Researchers at Aalto University have found that only a fraction of stability tests done on perovskite-based solar cells and dye-sensitized solar cells meet proper requirements. The team analyzed 261 aging tests conducted on such solar and saw major shortcomings in both how the results had been reported and how tests had been implemented. Tests lack common standards and should have been done in real-world conditions and in groups of several cells.
"In about half of the aging studies, the data was published only for one solar cell. Studying only one cell does not yield a sufficient amount of data to reliably compare how different materials age, that is, lose efficiency over time," says the team.
The researchers also found other deficiencies in the stability studies. Only a third of the tests reported the intensities of visible and UV light, the humidity and temperature. Most of the tests – around 52% – did not mention the intensity of the UV light. UV light is a significant stress factor for most types of solar cells, shortening the cells' lifetimes more than pure visible light.
About half of the aging tests had been performed solely in dark conditions. Only 15 tests had been conducted outdoors and three tests were made using modules comprising several cells connected together. This goes against the principle of testing the cells in conditions in which they will be used, which is a requirement for commercialization.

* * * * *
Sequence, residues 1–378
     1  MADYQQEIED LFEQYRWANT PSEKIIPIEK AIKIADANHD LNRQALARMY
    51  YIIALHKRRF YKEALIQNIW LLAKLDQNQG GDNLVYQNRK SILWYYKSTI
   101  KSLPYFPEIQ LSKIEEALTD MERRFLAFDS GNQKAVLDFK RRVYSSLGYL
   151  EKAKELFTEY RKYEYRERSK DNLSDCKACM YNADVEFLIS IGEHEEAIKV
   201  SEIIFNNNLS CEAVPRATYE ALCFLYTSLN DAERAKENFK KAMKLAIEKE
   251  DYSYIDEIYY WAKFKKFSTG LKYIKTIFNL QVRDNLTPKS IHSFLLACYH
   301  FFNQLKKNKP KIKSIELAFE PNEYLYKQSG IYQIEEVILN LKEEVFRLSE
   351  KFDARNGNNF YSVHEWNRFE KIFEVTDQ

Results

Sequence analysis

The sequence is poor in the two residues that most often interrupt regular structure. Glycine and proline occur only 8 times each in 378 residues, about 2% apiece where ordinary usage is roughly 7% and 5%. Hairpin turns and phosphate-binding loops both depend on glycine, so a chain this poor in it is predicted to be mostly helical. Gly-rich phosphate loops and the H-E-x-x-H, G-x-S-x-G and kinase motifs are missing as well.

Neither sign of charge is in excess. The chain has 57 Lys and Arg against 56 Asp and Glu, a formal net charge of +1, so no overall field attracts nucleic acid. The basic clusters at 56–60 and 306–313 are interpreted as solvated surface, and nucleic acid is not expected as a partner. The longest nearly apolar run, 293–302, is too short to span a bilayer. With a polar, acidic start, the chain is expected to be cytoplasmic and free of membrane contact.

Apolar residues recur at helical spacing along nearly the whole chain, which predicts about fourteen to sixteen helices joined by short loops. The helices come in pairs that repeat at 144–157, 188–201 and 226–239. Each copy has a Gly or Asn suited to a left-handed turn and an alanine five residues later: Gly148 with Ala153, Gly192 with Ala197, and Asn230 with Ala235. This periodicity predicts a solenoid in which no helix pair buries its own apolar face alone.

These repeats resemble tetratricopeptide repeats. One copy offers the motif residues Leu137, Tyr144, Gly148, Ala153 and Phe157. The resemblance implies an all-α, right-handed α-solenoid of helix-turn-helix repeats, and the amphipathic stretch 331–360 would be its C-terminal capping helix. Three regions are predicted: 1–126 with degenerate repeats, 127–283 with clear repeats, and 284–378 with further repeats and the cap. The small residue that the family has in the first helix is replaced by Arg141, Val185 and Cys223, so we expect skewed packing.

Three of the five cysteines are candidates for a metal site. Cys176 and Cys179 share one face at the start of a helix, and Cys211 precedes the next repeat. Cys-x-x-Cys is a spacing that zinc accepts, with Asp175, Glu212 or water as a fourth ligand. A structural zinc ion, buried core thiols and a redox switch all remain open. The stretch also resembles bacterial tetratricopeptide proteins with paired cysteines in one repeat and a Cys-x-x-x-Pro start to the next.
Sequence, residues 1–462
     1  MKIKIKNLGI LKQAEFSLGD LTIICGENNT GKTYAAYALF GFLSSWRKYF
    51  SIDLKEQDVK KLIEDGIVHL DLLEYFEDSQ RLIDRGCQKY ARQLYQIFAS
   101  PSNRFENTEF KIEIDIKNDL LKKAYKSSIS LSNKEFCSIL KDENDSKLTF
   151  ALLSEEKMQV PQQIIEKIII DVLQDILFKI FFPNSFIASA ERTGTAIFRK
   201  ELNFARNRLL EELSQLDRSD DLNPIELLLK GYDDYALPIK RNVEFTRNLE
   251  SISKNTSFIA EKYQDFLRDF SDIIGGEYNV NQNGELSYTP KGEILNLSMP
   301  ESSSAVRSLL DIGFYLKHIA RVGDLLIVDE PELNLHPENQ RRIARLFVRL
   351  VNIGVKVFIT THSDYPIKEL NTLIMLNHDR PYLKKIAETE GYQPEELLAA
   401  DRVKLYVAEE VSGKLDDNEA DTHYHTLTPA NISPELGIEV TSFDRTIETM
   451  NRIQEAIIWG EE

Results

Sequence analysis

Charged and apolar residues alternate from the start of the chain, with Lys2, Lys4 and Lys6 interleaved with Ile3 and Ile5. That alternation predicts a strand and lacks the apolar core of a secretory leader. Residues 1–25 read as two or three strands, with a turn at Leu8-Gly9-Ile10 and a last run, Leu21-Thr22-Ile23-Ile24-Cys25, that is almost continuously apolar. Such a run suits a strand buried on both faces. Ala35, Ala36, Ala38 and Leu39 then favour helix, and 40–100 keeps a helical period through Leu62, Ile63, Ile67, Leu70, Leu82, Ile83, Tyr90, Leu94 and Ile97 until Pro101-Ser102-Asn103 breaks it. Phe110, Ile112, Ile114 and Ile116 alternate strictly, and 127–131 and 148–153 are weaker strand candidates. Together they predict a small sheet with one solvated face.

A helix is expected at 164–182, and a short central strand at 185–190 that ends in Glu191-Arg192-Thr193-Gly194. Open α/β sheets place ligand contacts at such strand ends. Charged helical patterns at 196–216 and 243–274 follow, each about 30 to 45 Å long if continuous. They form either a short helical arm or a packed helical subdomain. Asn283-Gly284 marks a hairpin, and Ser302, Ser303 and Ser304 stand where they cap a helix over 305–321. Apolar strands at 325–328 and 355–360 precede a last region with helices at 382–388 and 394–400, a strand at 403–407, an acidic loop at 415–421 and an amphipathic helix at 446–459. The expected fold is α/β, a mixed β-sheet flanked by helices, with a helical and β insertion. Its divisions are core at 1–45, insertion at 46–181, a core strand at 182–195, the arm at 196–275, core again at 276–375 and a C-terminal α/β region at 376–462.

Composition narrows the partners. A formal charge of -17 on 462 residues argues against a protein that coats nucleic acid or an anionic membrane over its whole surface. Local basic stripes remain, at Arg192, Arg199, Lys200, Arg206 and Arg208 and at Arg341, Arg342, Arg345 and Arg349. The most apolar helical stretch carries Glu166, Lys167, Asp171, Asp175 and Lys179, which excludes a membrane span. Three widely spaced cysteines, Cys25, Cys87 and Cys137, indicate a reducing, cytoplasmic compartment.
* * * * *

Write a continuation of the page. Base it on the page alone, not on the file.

The inadequately reported test conditions reduce the reliability of the results and slow down the development of the new solar cell technologies. Aalto researchers hope that a more daring approach could be found in the field so that tests on aging could also be implemented in actual conditions in which the cells will also be used in energy production.
"The field needs common standards. High-quality, well-reported, and standardized tests would reinforce the confidence of industry and investors in the technologies". The researchers have written a detailed checklist for doing high-quality aging tests and how to take testing conditions into consideration and how to select the measurements to be carried out during testing.
The team also proposes organizing a series of conferences for establishing common guidelines and standards for aging tests. It will require close cooperation with other players in the field. For instance, in silicon cell research, the standards have been set by commercial entities, whereas the standards for new organic solar cells made out of materials such as conductive polymers are efforts of research groups.
"Our research is also an open invitation for discussion. We hope that cooperation among the international research community will increase in future," the team adds.